As a college senior, I’m often asked, "What are your plans after graduation?"
If I didn't have a job lined up, I think I would dread this question. But I love giving the shocking news that I'm moving to Japan, and then witnessing the reactions that result.
Most people are caught off guard, and I don't blame them. After all, I don't speak Japanese, I don't have any ties to Japan, and I don't know anyone there.
Well, I take that last part back. I can say that I somewhat know my boss and some of the students I'll be teaching. Here's the story of when we met:
I found out before Christmas break that a group of students from Kuji--remember, the sister city of Franklin--would be coming to visit in January. I was asked to speak to them, so I wrote a speech expressing my excitement and nervousness about moving to their hometown in the near future.
Before speaking, I ate dinner with some of the students. Keep in mind that I don't speak Japanese, and they speak very little English. They know some of the basics, like how to say hello, introduce themselves and tell me their favorite foods. (Sushi is a common favorite.)
The boy next to me got out his cell phone, and I was surprised to see that it was big! I figured that the cell phones would be more technologically advanced, and therefore much smaller, right? Wrong. When I got out my cell phone to show them the size difference, they all stopped eating and "ooohed" and "ahhhed,” which I thought was hilarious. "So small!" said one of the girls at my table.
I think that his phone was bigger because it had a lot of features. Like many American cell phones (but not mine), it could take pictures. The boy had hundreds of photos on his phone that he had taken in Franklin earlier that day, and many of them were of the court house! We laughed together at some of the silly pictures he had taken of the other students, then shared them with the others at the table. I could tell that other people at the dinner were looking over at our table to see what we were all laughing about.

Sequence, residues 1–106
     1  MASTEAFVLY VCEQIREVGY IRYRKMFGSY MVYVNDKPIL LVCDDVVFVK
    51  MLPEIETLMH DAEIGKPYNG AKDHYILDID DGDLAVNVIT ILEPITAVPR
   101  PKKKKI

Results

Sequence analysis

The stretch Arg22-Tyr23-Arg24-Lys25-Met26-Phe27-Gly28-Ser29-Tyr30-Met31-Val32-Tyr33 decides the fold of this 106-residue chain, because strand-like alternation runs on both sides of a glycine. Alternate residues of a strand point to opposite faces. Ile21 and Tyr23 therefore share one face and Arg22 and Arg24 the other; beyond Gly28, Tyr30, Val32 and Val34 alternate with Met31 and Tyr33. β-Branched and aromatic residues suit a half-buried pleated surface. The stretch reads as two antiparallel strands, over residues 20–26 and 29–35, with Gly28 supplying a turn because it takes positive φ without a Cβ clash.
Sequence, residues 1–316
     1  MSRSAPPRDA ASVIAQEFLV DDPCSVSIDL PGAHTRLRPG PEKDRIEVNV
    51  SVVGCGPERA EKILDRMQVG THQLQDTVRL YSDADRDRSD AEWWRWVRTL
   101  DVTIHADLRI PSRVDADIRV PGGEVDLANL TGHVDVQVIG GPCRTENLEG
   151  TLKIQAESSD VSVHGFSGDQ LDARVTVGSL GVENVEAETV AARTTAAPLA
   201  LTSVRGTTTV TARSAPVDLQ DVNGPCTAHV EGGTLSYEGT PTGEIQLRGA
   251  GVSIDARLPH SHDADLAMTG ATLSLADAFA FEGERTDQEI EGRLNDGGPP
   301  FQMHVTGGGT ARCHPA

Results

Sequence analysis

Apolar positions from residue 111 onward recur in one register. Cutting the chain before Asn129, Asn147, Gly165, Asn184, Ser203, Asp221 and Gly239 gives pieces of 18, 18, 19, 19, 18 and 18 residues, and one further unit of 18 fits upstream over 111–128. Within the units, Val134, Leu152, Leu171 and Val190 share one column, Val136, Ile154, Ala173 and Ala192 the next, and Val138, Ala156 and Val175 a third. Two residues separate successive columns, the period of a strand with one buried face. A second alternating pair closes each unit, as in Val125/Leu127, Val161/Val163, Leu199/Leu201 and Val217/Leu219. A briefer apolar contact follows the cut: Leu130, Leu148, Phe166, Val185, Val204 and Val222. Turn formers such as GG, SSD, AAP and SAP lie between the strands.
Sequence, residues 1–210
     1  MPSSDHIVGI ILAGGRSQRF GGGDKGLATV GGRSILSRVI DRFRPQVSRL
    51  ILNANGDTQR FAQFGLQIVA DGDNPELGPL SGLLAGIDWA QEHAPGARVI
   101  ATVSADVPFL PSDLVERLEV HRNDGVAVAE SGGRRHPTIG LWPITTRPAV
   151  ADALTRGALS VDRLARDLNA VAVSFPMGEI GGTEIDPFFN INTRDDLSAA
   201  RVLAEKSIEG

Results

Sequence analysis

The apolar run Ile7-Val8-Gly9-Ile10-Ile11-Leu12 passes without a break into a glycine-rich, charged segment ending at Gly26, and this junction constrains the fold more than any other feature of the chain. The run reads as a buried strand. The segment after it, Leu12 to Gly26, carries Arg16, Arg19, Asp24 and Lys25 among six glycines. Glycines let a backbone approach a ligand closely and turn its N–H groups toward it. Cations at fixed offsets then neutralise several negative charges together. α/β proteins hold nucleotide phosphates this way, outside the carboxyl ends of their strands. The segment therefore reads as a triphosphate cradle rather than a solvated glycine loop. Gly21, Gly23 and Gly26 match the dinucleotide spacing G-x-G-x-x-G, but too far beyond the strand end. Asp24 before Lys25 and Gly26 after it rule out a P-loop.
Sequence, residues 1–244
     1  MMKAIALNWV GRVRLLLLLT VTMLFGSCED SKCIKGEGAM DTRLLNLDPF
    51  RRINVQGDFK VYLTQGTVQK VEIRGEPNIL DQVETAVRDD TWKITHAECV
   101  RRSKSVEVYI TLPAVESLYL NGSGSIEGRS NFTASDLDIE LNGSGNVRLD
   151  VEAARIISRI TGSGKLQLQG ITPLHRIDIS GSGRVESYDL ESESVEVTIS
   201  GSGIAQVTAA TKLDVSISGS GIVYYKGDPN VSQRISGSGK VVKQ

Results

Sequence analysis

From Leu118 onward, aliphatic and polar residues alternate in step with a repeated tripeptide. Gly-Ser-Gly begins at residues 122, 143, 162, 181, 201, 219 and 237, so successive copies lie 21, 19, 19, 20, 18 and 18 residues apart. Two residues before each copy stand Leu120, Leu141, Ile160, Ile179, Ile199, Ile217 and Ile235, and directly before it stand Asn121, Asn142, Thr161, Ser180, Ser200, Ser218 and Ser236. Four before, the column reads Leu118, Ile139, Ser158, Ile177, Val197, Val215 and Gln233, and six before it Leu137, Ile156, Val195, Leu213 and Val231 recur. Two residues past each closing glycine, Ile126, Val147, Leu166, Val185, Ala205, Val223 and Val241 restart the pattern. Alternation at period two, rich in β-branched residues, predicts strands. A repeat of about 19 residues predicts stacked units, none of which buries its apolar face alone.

When it was my time to speak, I was introduced by the interpreter, and everything I said went through her. The students at my table realized for the first time (since I wasn't able to tell them myself!) that I would be their teacher soon; they all had looks of sudden understanding as well as big smiles, which was definitely reassuring for me!
While speaking, I couldn't help but notice one of the chaperones from Kuji, who was sitting at the front table grinning from ear to ear and giving me the thumbs-up sign! Once I sat back down, "Smiley," got up to speak, and I learned that he was my future supervisor at the Board of Education office, named Yamadate. He was extremely enthusiastic about being at the dinner, and talked about how happy he was to meet me because "we be working together side-by-side, and we'll have great times! Okay!?"
I'm convinced that we really will have great times because Yamadate seems like such a fun person! I like to share this story about my night with the Japanese guests because I had a great time, and the experience has made me more at ease about moving to Japan.
A picture of me with Yamadate